Do We Ever Ask Students What They Expect of Us?

Do We Ever Ask Students What They Expect of Us?
by Emily Magruder, Ph.D

What many professors do on the first day of class is to present the syllabus and walk through it step by step. The thinking is that we have to go over all of the course requirements and policies so that students understand exactly what is expected of them.

Is this really the best way to begin our relationship with students?

If we profess a desire to engage students actively in their learning, aren’t we failing to practice what we preach? Going over the syllabus models the passive absorption of information. And for many students, it’s probably very boring. Have we forgotten that our students can read? If we establish on the first day that we will go over things in class, what incentive do our students have to read things that they can understand on their own outside of class?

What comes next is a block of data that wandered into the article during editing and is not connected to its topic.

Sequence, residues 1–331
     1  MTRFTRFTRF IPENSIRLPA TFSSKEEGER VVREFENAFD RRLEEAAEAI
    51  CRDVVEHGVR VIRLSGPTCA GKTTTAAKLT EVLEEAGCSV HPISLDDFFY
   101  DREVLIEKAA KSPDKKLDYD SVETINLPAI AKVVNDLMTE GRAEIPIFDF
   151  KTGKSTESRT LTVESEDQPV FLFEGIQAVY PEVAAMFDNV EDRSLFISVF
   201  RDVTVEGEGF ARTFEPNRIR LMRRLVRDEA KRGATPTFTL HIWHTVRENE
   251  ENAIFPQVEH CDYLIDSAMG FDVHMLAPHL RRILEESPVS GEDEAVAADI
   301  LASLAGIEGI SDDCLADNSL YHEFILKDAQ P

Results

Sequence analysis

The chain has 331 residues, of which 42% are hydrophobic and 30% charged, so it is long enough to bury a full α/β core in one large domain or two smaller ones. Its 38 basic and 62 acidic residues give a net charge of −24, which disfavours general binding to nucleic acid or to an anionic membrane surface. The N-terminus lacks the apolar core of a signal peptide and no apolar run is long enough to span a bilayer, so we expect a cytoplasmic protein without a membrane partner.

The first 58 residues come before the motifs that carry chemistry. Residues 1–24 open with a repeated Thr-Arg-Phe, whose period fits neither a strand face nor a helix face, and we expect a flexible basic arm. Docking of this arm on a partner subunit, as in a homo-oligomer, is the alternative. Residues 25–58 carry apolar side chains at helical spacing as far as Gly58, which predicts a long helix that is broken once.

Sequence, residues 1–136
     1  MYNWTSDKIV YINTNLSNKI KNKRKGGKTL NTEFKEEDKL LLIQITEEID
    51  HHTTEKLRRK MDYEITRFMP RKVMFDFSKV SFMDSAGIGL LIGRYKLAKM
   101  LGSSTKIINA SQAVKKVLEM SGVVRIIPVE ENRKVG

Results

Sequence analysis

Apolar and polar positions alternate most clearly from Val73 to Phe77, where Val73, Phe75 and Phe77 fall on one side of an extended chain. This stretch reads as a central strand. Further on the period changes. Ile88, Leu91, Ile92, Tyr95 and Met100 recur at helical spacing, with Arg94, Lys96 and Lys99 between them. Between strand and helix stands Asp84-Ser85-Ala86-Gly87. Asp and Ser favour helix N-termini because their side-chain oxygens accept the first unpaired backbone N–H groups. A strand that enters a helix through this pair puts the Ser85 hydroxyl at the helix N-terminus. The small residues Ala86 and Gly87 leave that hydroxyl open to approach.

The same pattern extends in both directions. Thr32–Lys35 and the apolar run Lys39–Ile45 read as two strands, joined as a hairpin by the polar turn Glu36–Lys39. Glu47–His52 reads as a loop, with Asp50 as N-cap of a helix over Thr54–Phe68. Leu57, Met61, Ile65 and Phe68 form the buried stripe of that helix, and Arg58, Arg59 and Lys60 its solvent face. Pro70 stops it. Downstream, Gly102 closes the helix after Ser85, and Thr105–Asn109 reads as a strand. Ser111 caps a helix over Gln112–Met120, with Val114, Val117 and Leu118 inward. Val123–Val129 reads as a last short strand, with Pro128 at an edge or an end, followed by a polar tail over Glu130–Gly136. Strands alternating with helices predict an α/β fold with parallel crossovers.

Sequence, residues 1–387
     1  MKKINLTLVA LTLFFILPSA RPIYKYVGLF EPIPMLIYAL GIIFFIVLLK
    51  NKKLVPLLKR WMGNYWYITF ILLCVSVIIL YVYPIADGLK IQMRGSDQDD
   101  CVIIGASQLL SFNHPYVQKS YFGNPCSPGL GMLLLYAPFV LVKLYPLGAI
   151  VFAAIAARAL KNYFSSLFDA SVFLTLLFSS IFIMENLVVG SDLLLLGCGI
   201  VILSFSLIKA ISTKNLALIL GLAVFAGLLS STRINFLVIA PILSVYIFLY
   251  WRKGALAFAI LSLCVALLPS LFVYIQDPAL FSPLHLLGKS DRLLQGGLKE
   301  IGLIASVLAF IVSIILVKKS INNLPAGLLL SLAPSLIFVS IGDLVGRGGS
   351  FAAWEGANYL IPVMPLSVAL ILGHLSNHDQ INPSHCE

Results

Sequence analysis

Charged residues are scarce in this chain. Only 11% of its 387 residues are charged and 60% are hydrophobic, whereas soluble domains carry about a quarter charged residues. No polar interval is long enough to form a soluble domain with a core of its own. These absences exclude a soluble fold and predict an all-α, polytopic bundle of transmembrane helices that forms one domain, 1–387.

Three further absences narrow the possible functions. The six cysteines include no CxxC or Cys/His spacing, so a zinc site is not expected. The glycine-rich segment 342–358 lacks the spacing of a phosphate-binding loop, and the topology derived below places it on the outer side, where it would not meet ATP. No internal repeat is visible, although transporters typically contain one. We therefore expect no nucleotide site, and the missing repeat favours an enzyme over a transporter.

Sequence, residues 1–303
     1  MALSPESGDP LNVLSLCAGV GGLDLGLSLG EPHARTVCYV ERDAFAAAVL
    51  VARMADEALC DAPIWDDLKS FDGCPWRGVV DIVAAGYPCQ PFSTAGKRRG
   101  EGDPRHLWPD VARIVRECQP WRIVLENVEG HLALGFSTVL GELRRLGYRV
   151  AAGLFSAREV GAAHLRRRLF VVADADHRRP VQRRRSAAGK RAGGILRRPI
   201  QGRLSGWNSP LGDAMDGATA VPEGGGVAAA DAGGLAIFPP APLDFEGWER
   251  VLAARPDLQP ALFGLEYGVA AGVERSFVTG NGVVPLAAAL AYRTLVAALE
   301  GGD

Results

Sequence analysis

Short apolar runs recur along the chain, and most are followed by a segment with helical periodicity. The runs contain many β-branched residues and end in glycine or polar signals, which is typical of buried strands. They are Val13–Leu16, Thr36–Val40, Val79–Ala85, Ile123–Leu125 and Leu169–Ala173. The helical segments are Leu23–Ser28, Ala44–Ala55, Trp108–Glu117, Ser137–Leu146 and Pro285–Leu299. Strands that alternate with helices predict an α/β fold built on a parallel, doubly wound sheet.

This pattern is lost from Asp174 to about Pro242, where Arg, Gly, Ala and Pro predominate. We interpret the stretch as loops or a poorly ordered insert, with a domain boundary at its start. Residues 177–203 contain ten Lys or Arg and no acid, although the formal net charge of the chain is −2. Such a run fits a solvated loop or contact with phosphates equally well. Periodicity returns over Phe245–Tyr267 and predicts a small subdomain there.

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Promoting Productive Group Interactions in Class

Promoting Productive Group Interactions in Class
by John K. Davis, Ph.D.
Teacher Education Department

Take a moment to consider two classroom scenarios.  In the first class, students file in each day, take notes and a few students can be relied on to provide responses to your questions throughout the lecture due to either their out-going nature or preparation before class.  All in all, you leave each day with a sense that you’ve conveyed what you’ve intended, but you’re not quite sure if your students have grasped all of the nuances of the subject or have considered the content at a deeper-than-surface level.

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